21 Apr

Food Futures

Food Futures


Most of us have now got our brains around the idea that 'probiotics' are a good type of bacteria and are used to seeing everything from yoghurts to smoothies boasting of having them added.

If you have read the blurb on the side of the cartons, you will have worked out that these friendly bacteria manage to avoid being digested in your stomach and make it down to your intestine where they multiply like mad, helping to boost your immunity as well as settling down symptoms of irritable bowel syndrome.

But it won't be too long before you will begin to see a new word popping up on packs and you may as well be ahead of the game so that you know what the food manufacturers are on about as they attempt to blind you with the next bit of science.

The word to watch for is 'synbiotic'.No… It's not a probiotic which has gone off the rails and committed a cardinal crime. A symbiotic is simply a mix of a probiotic with a prebiotic.

What's a prebiotic?

It is simply a type of fibre which acts as a food source for the probiotic bacteria which means the good probiotic can grow at maximum speed.

You can find prebiotics naturally in foods like chicory, asparagus and onions but soon they will be made synthetically, mixed up with probiotics and added to foods like breakfast cereals, yoghurts and probably drinks like smoothies. Interestingly, initial research shows that prebiotics may help to strengthen our bones as well as help good bacteria to grow… so watch this space.

Meanwhile, here's a few tips right now if you are already fans of eating probiotic fortified foods or popping supplements full of these good bacteria.

  • Have probiotics products separately from hot drinks because heat can 'kill' them off before they make it anywhere near your gut.
  • All probiotics are also adversely affected by light, oxygen and moisture. To preserve the probiotic content of your smoothie, juice, milk or yoghurt you need to store them in the fridge. Between removing them from the fridge and consuming you need to keep them in a cool, dry place with minimal exposure to light and once opened, eat or drink them quickly.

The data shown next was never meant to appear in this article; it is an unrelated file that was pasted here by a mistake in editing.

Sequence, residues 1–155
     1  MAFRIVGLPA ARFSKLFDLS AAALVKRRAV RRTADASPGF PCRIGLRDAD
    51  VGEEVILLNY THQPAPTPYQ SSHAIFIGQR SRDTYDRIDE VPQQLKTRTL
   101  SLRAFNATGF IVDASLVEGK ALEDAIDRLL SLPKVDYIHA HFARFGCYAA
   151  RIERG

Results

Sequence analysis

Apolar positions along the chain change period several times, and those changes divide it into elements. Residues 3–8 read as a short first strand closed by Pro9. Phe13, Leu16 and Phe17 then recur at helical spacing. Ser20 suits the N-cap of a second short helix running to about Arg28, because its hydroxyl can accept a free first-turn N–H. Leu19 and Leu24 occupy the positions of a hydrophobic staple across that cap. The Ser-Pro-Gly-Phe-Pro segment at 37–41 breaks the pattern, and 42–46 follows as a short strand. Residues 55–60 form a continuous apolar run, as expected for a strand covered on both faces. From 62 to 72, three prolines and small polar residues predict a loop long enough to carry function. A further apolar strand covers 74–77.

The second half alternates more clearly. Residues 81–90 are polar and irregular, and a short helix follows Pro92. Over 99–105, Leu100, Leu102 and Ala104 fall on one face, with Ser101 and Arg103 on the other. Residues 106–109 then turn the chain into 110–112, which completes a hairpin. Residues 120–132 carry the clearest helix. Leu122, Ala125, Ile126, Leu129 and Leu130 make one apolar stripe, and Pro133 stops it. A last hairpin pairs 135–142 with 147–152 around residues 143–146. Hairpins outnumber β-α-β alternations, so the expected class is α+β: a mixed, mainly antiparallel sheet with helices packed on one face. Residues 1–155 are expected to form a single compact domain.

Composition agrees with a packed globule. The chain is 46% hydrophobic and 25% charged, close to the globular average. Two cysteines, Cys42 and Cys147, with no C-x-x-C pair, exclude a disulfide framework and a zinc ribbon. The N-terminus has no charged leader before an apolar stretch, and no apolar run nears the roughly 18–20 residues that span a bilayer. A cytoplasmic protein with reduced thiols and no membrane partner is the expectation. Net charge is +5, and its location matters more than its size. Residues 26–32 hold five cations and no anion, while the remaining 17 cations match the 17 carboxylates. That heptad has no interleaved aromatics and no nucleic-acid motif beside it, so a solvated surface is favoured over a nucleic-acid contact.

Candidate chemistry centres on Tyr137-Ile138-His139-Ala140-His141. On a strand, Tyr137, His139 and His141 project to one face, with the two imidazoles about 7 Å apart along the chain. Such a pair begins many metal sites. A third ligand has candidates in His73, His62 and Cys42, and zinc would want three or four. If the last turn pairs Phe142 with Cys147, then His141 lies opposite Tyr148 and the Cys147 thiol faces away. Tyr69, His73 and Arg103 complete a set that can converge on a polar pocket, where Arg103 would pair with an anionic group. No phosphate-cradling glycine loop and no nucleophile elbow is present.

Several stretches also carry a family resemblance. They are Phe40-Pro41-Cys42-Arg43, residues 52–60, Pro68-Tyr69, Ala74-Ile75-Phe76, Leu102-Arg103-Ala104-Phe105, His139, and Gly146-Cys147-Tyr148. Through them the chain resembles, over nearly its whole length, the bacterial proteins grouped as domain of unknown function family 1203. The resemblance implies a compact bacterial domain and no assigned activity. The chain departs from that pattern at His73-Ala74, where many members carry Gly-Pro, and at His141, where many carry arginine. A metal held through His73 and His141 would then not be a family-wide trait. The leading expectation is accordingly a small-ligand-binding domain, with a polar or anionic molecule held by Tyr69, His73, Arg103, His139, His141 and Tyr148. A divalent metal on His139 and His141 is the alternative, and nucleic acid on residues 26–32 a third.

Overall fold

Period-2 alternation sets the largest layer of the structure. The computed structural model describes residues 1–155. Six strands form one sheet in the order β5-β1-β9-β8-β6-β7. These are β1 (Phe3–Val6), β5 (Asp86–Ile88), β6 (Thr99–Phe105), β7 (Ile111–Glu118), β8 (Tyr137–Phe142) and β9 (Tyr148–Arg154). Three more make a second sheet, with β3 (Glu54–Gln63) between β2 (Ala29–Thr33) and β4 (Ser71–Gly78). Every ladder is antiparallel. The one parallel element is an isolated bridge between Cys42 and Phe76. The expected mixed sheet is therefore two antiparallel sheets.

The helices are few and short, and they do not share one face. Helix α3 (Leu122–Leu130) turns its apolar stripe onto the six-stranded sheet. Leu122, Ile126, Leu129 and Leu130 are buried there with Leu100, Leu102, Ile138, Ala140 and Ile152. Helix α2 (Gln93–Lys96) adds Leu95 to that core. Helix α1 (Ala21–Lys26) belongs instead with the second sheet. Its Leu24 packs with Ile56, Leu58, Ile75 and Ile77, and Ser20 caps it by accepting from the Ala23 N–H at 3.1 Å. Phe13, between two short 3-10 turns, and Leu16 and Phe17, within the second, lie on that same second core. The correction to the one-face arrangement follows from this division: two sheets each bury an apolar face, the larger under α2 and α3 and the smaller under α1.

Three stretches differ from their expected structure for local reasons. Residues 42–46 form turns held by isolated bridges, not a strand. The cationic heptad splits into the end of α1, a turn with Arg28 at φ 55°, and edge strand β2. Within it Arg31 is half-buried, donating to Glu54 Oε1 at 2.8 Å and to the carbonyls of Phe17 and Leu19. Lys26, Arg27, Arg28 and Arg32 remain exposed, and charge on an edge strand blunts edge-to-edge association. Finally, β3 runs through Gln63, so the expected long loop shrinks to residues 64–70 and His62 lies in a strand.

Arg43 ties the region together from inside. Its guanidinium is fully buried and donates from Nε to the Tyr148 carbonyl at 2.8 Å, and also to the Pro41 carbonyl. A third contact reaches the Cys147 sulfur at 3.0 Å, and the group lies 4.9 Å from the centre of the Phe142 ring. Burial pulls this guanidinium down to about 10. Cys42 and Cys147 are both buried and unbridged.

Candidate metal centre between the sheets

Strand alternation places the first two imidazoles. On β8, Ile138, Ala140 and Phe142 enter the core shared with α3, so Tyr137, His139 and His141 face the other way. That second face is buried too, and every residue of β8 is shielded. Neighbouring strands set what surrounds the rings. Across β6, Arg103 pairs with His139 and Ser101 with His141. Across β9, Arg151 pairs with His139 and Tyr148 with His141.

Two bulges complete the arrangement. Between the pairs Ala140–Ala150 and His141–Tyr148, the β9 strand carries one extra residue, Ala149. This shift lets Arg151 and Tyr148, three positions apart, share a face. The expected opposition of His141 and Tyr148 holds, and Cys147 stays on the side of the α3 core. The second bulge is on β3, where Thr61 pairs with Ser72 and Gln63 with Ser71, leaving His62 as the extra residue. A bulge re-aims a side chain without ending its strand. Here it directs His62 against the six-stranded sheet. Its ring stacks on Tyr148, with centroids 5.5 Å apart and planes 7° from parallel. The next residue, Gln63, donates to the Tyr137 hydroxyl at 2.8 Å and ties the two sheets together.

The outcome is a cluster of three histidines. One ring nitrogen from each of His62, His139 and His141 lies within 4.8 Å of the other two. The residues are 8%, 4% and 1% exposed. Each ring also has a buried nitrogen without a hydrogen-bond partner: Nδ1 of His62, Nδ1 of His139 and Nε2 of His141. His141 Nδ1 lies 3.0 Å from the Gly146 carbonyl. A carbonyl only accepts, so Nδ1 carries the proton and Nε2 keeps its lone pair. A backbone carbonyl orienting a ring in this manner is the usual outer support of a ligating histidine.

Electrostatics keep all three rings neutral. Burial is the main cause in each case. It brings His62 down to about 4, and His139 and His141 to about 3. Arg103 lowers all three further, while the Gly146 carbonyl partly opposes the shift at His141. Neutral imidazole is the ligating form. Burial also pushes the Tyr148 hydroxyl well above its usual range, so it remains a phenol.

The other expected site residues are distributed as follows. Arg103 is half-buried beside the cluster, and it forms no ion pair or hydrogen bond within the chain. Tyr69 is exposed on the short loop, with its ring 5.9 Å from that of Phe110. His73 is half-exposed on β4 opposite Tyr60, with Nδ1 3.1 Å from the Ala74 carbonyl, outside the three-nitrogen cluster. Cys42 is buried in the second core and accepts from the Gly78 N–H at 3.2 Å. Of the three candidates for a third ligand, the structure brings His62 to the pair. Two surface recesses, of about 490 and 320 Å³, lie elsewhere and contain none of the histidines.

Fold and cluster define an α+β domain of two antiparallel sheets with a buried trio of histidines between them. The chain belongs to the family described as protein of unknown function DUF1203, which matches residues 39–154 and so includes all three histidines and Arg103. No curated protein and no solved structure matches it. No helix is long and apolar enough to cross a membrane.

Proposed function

• Eat plenty of foods naturally rich in prebiotics. Try for example to have bananas, chicory, onions or asparagus most days.

One Man's Meat… Letting Your Genes Dictate Your Diet

Never has it been so clear that one man's meat can be another man's poison. Now that top scientists have cracked the genetic code through the Human Genome Project, researchers say it won't be too far off before the medical community, for a relatively small amount of money, will be able to test our DNA and determine individual mutations which will show predispositions to certain health problems and diseases.

And with this information will come the possibility to offer individual tailored dietary advice to help protect against or even prevent symptoms from such problems ever arising. And it will also mean that some of the blanket healthy eating advice that we currently offer may not be relevant to certain individuals.

A genetic test may throw up the fact that you have a genetic tendency and therefore an increased risk of developing thinning bones and osteoporosis in later life. Making sure that you do everything to get a really good intake of bone-building nutrients may help to delay or prevent its onset.

If you have a daughter and her genetic test reveals a similar tendency, you would know to be extra vigilant in ensuring a high calcium and bone-building diet for her, especially during her teenage years when bones are formed.

Scientists believe that we will have at our fingertips the ability to give appropriate and tailor-made nutrition advice to help everything from Alzheimer's' to certain types of cancer.

It's a fascinating area and one to watch.

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